How do you feel about the idea of willingly allowing your opponent to forge that first key ahead of you? Scary thought? Today I wanted to talk about the idea of giving your opponent the first key advantage, so you can further your own game plan. Doing so, you are essentially deciding to play the long game and craft/setup your plan down the road at that moment. This may seem like a strange concept in a game that races, but if we think about the classic comparison of Mario Kart and KeyForge, then you will know the prize boxes never give the good items when you are in the lead. 

That analogy may seem a bit off, but it sounds good! So let’s just jump into some of the main points that led me to want to discuss this topic. Occasionally a key needs to be forgone for the greater good. Now obviously this is being spoken about in a hypothetical vacuum, your opponent’s decklist must be taken into consideration as pitfalls for any plan can exist. Now in early in the game, I don’t think it is always a good call to marginally put someone off a key, if it means playing only one card from your hand, just to delay the inevitable the following turn. This rings even truer if you have the cards in hand, or in hand and onboard that can set you up for the future, or kick-start creating your advantage that will lead you to control the game the way your deck wants to. In this scenario, it may be more beneficial to just allow your opponent to have that key one lead, knowing full well if you set up your desired game state, you will be able to control the game and gain back that lead in doing so. Let’s say you do choose to play the less efficient play one card, which puts your opponent off check, or maybe Lash them to make it cost more next turn- not playing any more than one card in doing so, you are essentially delaying your desired game state to be one turn further back from setting up, and if your opponent is able to further their game state and play cards, it could be that one turn that creates the difference from your desired game state to take hold over your opponent.

For me, lately, I’ve noticed a couple of decks that lead me to have a willingness to give up a key and play cards from a house that will not serve me as strongly as the game goes on. If I’m playing cards from a house that has fewer answers late game, it ensures that my chances of having those cards in-hand or drawing into them is reduced, meaning that I have a higher chance of drawing into the cards that will help me succeed in the later parts of the game, such as æmber control. Essentially, I will be setting myself up to have answers more consistently when they truly matter. Again, this is being spoken about in a vacuum, but my experience has led me to understand how this can be very valuable. One other aspect to consider is the mental game. When your opponent gets that first key lead, it has the potential to set up a false sense of security for them, potentially also giving you a mental edge.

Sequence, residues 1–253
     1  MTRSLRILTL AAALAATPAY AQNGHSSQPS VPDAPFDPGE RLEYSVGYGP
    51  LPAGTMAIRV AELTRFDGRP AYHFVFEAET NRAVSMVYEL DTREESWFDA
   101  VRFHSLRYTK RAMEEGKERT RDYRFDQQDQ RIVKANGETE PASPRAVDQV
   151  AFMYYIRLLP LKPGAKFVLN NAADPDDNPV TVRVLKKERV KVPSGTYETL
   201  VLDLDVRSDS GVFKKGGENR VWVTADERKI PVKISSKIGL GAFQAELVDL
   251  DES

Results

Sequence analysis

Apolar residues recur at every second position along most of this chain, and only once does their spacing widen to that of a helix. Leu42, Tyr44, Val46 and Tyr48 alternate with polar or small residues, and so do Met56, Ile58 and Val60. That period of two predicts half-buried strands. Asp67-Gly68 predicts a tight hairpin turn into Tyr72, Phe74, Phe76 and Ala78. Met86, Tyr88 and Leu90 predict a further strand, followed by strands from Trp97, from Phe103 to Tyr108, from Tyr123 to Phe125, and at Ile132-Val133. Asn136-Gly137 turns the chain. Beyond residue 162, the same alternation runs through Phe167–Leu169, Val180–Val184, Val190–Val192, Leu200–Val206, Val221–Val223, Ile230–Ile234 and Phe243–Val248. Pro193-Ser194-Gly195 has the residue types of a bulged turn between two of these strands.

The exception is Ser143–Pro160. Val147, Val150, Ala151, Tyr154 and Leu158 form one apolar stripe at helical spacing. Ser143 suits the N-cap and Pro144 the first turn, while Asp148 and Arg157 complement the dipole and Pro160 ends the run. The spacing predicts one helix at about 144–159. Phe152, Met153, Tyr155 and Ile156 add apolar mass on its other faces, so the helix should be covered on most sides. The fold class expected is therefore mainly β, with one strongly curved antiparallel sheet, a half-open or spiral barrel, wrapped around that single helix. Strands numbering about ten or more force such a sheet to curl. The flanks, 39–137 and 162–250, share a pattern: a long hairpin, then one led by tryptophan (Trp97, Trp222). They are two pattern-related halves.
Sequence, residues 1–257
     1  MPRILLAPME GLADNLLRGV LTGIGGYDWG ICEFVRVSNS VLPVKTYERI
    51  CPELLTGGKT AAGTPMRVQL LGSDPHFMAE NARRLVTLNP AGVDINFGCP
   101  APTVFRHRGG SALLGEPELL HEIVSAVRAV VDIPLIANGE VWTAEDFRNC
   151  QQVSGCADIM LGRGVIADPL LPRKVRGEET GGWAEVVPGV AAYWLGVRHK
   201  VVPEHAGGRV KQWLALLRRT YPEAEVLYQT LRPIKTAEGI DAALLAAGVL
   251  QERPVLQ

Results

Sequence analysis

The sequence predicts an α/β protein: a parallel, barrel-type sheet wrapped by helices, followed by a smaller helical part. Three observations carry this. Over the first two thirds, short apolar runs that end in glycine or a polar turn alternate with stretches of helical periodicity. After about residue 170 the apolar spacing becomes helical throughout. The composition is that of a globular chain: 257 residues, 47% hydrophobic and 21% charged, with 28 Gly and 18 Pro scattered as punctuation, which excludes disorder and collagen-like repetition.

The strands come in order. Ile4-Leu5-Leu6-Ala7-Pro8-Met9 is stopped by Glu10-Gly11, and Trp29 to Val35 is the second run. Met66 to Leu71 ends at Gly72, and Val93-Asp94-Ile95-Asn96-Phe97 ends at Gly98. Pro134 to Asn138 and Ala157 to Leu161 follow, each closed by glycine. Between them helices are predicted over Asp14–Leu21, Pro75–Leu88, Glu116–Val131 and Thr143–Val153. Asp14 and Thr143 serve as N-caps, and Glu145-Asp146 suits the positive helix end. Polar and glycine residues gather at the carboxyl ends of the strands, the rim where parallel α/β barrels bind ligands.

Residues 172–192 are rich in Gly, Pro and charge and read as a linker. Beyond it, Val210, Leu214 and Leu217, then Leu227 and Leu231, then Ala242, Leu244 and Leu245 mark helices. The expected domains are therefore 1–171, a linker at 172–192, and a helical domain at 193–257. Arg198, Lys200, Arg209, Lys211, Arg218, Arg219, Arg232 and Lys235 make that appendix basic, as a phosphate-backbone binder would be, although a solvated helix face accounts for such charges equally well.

If you know this is a game plan that you will be entertaining, one of the most important things you must learn to do, is NOT PANIC! Fear not, stay calm, stick to the plan. This may be the hardest part of this process, not letting the fear of going behind get in the way of the plan at large for the long play. One of the ways this concept may not come into play, is if you have not seen any cards that help you set up the long play, or you got a bad draw and have too many late-game cards early so you must try and cycle through them, and part of that could be delaying your opponent that first key, and trying to churn through your deck while doing so. 

In Archon, the familiarity with your deck and being in a position where you willingly give up the first key will mitigate that fear of going behind, as you should have had lots of practice being in that position with your deck. Now in a sealed context, this may not be the case, and your instinct could take over causing that knee-jerk reaction of an inefficient play to take your opponent off for one turn, even though you know they will easily forge next turn. If you are playing a TMTP or Doorstep bluff (or you have it), that’s one idea, but more likely than not, burning a card that delays one turn will have more effect and potency during the second and third key stages of the game, rather than stalling your opponents inevitable first key.

At the end of the day, all of this revolves around your understanding of what your deck truly wants to do, and the best way to go about doing so. This concept of giving up the first key willingly so as not to play an inefficient turn only delaying the first key being forged until next turn, may not be for every deck. Heck, it might not be for every player! This is just an idea that has occurred to me through my experience, and I became aware of the power it holds. That being said, sometimes this point is moot, as you go ahead the first key, to begin with, which completely changes things. This is speaking purely from the standpoint of you would be going behind. I would love any feedback or thoughts on this idea, you can comment below, or reach out through Twitter @blvdPAPERFIGHT. Thanks for reading this article, and as always, may your æmber never be stolen, and you forge your keys promptly.

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